Because of irregular menstrual cycles and lack of ovulation, the lining of the uterus may not shed as often as it should. Left untreated, this may increase the risk of cancer of the uterine lining (endometrium).

Adolescents and women with PCOS are also at higher risk for depression and anxiety. Women with PCOS, especially who are overweight, may experience pregnancy complications, including gestational diabetes, preterm delivery, or pre-eclampsia. 

What causes PCOS?

The exact causes of PCOS are unknown; there are probably more than one cause and these may be different between individual girls or women. Androgen excess (male hormone excess), seen in 60-80% of girls and women with PCOS, is a key problem in the disorder and likely comes from ovaries in most women. Insulin resistance or elevated insulin levels may worsen androgen excess. Abnormalities in how the brain or pituitary gland communicate with the ovaries may also lead to androgen overproduction. Other hormones from the ovary or fat tissue may also be involved. 

 PCOS seems to be inherited. Female relatives or children of patients with PCOS are at increased risk for having PCOS. Environmental risk factors, including low birth weight, rapid weight gain in infancy, early pubic hair and puberty development, childhood obesity, excess adult weight, and unhealthy lifestyle, are also important and may interact with genes to lead to PCOS (called epigenetics). 

How is PCOS diagnosed?

Along with irregular periods, the first signs of PCOS may be the growth of facial and  male-patterned body hair, thinning scalp hair, acne, and weight gain. Weight gain, however, is not always present. Normal-weight women can also have PCOS.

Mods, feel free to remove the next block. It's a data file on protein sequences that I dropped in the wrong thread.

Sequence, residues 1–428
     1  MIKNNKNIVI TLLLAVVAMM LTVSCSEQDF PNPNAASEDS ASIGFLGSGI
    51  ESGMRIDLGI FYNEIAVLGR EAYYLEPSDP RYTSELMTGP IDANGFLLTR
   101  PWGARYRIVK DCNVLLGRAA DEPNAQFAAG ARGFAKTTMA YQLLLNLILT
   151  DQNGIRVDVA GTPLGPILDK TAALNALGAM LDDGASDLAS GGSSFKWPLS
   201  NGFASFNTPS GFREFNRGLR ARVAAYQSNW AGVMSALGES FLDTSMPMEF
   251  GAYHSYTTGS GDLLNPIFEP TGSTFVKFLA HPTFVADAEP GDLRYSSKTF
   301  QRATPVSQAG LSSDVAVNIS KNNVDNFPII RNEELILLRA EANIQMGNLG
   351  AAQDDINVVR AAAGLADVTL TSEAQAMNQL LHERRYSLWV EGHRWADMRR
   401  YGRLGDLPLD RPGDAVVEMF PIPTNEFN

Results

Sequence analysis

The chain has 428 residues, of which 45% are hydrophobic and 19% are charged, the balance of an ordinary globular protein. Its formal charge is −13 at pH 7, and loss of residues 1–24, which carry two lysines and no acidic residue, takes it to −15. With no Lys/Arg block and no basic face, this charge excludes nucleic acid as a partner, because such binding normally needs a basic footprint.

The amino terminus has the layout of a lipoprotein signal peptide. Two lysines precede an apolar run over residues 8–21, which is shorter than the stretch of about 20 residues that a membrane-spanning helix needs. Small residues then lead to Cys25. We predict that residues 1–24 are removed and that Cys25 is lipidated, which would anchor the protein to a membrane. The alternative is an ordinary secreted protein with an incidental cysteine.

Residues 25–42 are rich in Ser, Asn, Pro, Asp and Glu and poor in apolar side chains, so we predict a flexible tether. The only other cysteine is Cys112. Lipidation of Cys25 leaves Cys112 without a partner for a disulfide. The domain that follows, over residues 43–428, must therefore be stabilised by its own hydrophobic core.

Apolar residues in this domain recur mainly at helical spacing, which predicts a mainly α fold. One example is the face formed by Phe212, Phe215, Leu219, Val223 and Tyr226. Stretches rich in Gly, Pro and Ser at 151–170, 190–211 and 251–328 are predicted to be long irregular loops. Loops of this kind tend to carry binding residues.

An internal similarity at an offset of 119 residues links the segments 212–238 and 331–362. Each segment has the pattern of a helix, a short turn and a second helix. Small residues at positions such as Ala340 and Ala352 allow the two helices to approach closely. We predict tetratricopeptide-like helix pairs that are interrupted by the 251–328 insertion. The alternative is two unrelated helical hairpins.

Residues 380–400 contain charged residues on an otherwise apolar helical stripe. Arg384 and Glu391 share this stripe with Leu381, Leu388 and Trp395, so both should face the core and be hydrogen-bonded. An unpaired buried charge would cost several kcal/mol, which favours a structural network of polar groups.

In addition to assessing signs and symptoms of PCOS, medical providers take a medical history, perform a physical exam, and check blood hormone levels (including testosterone). They may also perform an ovarian ultrasound. Other tests looking for complication of PCOS may also be done, such as glucose tolerance test or a mental health screening survey. 

Other disorders that mimic the clinical features of PCOS should be exclude: thyroid disease, high prolactin levels, and non-classical congenital adrenal hyperplasia. 

How is PCOS treated?

While PCOS is not curable, symptoms are treatable with medications and changes in diet and exercise. Hormonal imbalances can be treated with birth control pills, androgen blocking medications, or medications that help the body use insulin better. Medications that help the body respond better to insulin may also be helpful. For women whose infertility problems are not resolved with lifestyle changes alone, medications that improve ovulation (fertility drugs) may be helpful.

Questions to ask your medical provider

  • Do I have PCOS?
  • What are my treatment options?
  • What are the advantages and disadvantages of each of my treatment options?
  • Am I likely to be infertile after treatment, or will I still be able to get pregnant?
  • What lifestyle changes can I make to improve PCOS? 
  • Do I have any other health problems related to PCOS? 
  • Should I see an endocrinologist for my condition?
Edited: September 2018